Money is made of cotton

Once Valledupar's main economic produce; Cotton

Image via Wikipedia

Did you know that U.S. paper currency paper is composed of 75% cotton (and 25% linen)?

Each note (depending on its denomination) has a life expectancy of between 2 and 6 years.

The U.S. Mint prints approx. 38 million paper notes per day. Annually, the weight of this money would equal 28 million pounds (or 12.7 million kilograms or the weight of seventy-four Boeing 747 airplanes).

Proportionately, cotton should account for 21 million pounds of this weight which is less than 0.5% of the annual U.S. cotton production alone.

More practically, approx. 55 trillion pounds of cotton is produced around the world globally. India and China are the two largest producers accounting for nearly 60% of this crop.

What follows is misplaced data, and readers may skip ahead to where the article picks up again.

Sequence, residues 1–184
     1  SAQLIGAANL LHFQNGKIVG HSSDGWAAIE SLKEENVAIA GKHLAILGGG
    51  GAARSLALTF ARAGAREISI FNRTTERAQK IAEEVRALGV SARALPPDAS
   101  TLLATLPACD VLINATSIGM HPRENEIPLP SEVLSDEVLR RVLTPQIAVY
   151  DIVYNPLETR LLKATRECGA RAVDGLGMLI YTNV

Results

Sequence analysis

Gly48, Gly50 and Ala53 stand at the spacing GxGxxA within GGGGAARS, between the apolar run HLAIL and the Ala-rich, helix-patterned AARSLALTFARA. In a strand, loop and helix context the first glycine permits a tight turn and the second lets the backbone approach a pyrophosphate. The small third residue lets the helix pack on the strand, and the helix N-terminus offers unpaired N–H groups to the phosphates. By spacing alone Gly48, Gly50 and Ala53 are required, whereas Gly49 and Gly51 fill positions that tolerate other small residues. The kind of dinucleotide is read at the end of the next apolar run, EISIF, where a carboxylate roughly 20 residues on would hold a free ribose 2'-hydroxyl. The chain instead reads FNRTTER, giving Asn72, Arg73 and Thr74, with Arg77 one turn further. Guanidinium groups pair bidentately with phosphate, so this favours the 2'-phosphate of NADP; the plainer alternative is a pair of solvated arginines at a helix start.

Some of the supply and demand story includes: cotton’s demand increases when developing countries grow richer (and most of these nations are in tropical climates), India and Pakistan are 2 of the world’s top 4 producers (where political tensions are on the rise) and it’s water intensive.

The price of cotton spent most of the past 30 years trading between 50 cents & $1 per pound, however commencing mid-2009 up to April 2011, the price rose from 60 cents to above $2 per pound.

In the past 3 months, the price of cotton has halved to US$1.03 per pound.

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